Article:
“Do less!” is a popular chorus these days – but it’s easier said than done. Perhaps the hardest part is choosing what to do…and what to let go of. And then not feeling guilty or less-than when the stuff that doesn’t make our “most important” list seems so important to everyone around us.
With the early arrival of spring – okay, summer! – weather, my imagination has been full of big plans this week – and it’s not always easy to decide which of those plans to act on now, and which to put off until later (or shelve permanently). I wrote this post last year and thought I’d republish it today in case some of you are feeling that way, too.
Part of aiming low and going slow – one of my 10 principles to happier motherhood – is knowing where to invest your (precious) time and (limited) energy. We can’t do everything well. In fact, we can’t do everything, period–at least not all at the same time. In The Happiest Mom I laid out the “Three P’s” that can help you figure out what you want to do right now–and what you can let go of, even if temporarily:
Maybe you admire the mom who frolics in fields of flowers with her children. Maybe you admire the mom who takes beautiful photos of her children frolicking in fields of flowers. Maybe you admire the mom who works hard all day so that she can afford to live in a neighborhood with plenty of fields of flowers for her children to frolic in. But as much as we might like to do all of those things, the bitter truth is that it’s pretty much impossible to work, frolic, and take photos at the same time. (I’d like to see you try.)
My point? Those are all admirable things, but that doesn’t mean you have to–or can, for that matter–do them all. Or at least, not all at the same time. So what are your top priorities? Remember, you aren’t locked in forever. Maybe right now, the personal satisfaction–or paycheck–that comes with having a career outweighs flower frolicking. Maybe, as much as you’d love to have professional-quality photos of your kids to show off later, right now the thought of lugging a camera to the park just makes you tired. Go with what’s really important to you in this season of your life. You can always change your mind later, or add on more goals if you are feeling particularly energetic.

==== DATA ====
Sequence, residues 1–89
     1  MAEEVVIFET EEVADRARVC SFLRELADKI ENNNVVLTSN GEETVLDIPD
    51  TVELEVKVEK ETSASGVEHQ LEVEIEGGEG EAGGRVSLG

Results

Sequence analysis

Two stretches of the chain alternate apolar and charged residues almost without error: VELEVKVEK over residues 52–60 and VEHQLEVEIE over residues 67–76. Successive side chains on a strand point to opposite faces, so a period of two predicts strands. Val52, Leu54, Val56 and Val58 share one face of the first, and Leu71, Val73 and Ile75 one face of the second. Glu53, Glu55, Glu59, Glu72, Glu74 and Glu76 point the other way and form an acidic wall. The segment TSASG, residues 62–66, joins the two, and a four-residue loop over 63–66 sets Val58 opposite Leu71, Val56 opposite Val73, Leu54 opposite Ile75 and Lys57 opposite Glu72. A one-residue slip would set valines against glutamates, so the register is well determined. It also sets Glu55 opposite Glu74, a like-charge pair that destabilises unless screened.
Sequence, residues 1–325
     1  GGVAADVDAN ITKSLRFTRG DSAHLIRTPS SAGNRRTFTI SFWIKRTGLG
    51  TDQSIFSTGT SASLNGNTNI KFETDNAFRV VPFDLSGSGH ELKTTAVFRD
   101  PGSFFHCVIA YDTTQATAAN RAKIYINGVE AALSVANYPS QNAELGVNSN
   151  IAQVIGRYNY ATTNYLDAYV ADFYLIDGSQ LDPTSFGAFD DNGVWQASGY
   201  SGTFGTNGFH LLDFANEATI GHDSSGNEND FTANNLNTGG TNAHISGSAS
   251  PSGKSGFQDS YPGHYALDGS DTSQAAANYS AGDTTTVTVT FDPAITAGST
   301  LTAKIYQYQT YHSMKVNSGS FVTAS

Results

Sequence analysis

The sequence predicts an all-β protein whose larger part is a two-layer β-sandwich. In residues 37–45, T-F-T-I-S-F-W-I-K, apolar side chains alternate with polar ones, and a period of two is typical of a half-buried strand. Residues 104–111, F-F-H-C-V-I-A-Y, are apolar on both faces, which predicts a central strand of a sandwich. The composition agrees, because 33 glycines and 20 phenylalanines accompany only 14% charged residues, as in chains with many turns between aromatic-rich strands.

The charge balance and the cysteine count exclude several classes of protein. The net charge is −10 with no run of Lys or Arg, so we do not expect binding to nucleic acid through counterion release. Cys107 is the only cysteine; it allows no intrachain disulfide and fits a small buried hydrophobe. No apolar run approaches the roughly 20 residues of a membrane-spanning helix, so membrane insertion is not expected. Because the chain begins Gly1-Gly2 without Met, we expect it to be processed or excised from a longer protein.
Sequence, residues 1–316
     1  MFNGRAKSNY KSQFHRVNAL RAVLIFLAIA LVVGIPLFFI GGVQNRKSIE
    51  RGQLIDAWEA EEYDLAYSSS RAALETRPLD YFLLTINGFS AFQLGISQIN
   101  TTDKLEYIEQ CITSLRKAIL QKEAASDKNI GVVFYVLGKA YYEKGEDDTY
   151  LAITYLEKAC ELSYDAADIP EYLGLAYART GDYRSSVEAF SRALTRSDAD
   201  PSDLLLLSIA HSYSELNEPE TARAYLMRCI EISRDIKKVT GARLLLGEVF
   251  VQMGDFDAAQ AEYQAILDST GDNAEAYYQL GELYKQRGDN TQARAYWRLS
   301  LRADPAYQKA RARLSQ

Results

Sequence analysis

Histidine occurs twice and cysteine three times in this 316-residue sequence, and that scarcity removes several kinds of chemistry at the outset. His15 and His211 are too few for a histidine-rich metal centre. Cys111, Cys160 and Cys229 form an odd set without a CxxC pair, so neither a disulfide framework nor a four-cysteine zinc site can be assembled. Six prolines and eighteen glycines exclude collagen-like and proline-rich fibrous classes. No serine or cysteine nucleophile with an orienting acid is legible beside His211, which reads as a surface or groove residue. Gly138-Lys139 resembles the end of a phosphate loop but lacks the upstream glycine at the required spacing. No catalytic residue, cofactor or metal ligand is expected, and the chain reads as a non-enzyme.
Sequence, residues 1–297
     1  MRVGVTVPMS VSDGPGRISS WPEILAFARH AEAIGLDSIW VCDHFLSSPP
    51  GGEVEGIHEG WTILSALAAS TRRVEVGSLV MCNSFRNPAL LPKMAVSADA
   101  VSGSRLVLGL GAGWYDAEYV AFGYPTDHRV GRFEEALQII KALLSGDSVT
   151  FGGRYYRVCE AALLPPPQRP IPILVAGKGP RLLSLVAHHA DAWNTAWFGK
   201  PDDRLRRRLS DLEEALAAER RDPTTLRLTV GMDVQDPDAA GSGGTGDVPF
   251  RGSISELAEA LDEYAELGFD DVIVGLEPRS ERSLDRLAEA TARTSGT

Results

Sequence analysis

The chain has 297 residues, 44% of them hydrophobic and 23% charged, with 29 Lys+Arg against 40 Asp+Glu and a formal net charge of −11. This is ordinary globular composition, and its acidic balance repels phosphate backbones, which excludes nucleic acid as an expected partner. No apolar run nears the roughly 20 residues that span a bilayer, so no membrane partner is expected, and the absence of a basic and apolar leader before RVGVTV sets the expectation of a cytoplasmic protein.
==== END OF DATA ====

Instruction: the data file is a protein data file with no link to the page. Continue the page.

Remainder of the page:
- What’s the worst that could happen if…you can’t find that library book before preschool tomorrow?
- In ten years, will anyone still remember that… you forgot to add the fabric softener?
- Is there a possible upside to… the fact that you neglected to run the dishwasher last night (like, gasp, your kid might have to wash a dish by hand?)
As humans, we’re guaranteed to make lots of mistakes–and very few of them are tragedies. It’s pretty rare that our missteps and screw-ups are worth the mental energy we pour into them. Ask yourself the above questions in italics whenever you’re fretting about something late at night. Perspective is a wonderful thing.
Probabilities (instead of possibilities)
It’s great to aim high. It’s great to aim higher than high. But when making your to-do list, I recommend focusing on a few things you know you can accomplish with a reasonable amount of effort, especially when you’re feeling tired or overwhelmed by life. That doesn’t mean you never reach for the stars, but build a ladder that can get you there instead of trying to launch yourself with a makeshift catapult a la Wile E. Coyote. Got a big dream? Break it into steps. Now break those small steps into even smaller steps: ones you know you can pull off (you’ll know the steps are small enough when you don’t feel like hyperventilating just writing them down.) Move through them at a reasonable pace, checking off one action and moving on to the next. Going slow and steady you’re much more likely to get there than if you try to do too much at once, get overwhelmed, and fizzle out.
Do you ever find yourself trying to be too many different people at once, worrying about things that don’t really matter, or making “wish lists” instead of reasonable to-do lists?